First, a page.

These canvases show t-shirt designs created by Myaamia Heritage students throughout the years. Each student has the opportunity to create their own t-shirt design during a class unit about Myaamia art and culture. The class then votes on their favorite design at the end of the term.
Exploration of Outcomes
The final portion of the exhibit was an exploration of the outcomes of the relationship with Miami University. This section featured a number of photographs and objects representing this unique relationship. One display explained the meaning behind the Myaamia Heritage Logo, while another featured items from the Day of Remembrance held at Miami University in 2021. Other displays featured the outcomes of the Myaamia Heritage program, like reaching over 100 Myaamia graduates from Miami University in 2021.
This section of the exhibit displayed photographs throughout the earlier days of the relationship. The display includes two photos of early meetings between Chief Forrest Olds and then-Miami University President Phillip Shriver. It also shows Daryl Baldwin and Myrtis Powell, then-VP of Student affairs. Myrtis was instrumental in the establishment of the Myaamia Heritage Program tuition waiver in the early 90s before Daryl arrived on campus in 2001. The final photo shows the first recipients of the Myaamia Heritage tuition waiver. At the time, students did not receive any academic support or Heritage programming. The program has evolved significantly in the past 30 years.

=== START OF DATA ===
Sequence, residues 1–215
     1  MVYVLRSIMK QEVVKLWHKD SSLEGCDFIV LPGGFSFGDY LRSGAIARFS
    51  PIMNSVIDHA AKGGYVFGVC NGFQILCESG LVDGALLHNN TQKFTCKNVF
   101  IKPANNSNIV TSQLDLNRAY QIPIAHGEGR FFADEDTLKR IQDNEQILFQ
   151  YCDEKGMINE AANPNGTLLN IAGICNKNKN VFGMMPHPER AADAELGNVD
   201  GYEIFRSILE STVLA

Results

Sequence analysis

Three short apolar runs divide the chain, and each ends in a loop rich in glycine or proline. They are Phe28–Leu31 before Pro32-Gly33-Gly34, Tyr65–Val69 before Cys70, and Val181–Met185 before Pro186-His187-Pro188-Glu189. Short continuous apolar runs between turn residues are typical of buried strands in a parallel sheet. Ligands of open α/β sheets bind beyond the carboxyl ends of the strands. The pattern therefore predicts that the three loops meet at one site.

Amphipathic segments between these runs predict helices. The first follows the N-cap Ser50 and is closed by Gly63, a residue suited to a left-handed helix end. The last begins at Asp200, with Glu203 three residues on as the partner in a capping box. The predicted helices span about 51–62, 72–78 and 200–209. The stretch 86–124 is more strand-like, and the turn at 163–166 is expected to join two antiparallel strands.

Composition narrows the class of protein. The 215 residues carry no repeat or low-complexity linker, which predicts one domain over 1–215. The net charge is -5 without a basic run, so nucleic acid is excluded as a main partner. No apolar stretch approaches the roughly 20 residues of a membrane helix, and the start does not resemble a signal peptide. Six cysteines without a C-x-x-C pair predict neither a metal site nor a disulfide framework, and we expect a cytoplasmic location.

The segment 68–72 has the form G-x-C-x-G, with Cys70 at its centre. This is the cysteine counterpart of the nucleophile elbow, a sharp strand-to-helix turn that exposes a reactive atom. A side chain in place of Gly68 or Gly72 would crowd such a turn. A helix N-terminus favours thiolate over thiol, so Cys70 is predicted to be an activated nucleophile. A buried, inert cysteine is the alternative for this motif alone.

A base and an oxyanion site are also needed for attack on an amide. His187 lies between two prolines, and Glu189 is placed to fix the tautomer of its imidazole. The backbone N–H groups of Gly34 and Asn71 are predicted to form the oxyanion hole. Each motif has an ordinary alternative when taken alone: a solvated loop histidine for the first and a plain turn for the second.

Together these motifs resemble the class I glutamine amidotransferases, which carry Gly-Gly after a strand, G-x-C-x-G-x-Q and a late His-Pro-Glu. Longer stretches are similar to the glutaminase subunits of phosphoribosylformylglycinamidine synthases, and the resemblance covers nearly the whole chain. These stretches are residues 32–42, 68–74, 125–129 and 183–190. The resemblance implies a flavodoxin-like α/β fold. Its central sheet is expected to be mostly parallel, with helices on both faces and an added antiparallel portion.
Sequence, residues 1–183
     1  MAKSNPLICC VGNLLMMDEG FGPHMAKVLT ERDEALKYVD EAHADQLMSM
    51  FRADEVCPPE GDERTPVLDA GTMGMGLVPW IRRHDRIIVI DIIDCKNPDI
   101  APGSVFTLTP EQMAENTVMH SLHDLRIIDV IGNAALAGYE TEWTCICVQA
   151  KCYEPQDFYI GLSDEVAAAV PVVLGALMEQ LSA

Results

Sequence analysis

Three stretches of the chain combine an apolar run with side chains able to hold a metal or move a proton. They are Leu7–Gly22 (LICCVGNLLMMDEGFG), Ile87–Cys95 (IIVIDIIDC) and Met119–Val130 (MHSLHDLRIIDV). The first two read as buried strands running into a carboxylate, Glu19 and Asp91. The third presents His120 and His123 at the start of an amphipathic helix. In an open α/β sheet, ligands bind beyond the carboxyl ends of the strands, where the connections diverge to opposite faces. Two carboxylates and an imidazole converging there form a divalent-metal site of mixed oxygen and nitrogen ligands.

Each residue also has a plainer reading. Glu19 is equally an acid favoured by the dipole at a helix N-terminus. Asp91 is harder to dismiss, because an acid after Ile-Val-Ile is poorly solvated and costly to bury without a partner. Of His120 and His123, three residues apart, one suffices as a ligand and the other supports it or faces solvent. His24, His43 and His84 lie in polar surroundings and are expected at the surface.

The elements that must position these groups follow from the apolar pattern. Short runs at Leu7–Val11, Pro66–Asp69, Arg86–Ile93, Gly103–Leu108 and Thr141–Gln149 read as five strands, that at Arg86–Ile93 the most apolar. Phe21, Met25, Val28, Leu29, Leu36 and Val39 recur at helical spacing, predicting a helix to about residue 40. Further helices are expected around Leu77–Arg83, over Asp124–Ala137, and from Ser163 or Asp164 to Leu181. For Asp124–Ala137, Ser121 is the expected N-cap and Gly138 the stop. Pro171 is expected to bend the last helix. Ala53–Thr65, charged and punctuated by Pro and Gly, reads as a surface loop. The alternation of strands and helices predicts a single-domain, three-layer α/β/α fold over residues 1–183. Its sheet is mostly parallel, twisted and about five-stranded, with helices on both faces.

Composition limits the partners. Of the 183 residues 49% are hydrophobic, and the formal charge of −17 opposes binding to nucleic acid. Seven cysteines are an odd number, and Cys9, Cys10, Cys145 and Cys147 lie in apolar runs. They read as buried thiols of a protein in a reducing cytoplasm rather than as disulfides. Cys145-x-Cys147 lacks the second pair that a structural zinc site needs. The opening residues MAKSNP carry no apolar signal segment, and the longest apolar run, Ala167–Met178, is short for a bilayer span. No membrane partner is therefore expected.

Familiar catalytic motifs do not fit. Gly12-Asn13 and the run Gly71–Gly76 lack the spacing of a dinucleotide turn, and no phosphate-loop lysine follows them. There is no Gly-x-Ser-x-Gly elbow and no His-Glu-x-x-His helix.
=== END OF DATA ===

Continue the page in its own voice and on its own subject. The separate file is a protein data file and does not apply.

This photo shows a section of the exhibit which breaks down the meaning of the Myaamia Heritage Logo. This logo was developed by both the Tribe and Miami University and the two share its ownership. The black represents the depth of time, earned respect, and cultural wisdom. It recognizes the tribe’s deep ties to our historical homelands. The red stands for responsibility, sacrifice, and a commitment to gain and share knowledge. The white diamond is the area of collaboration and connection. The red dot at the center represents fire. It symbolizes the warmth of the partnership and the shared responsibility to tend to this “fire.”
Also shown in this photo is the 50th Anniversary Blanket, developed by both the Tribe and Miami University. The wool blanket features the Miami Tribe community symbol next to a symbol representing the relationship between the Tribe and University.
To celebrate the opening of the exhibit, the OCAC hosted its monthly “Second Friday Celebration.” This reception gave local Oxford residents, as well as Miami University students and faculty, the opportunity to explore the exhibit.
Guests were invited to chat with Myaamia Center staff about pieces in the exhibit while learning more about the Miami Tribe and its relationship with Miami University. Lisa Biales and Doug Hamilton, local musicians, performed their original music during the event. It was great to share a piece of Myaamia culture with the Oxford community while also celebrating our 50th anniversary with Miami University.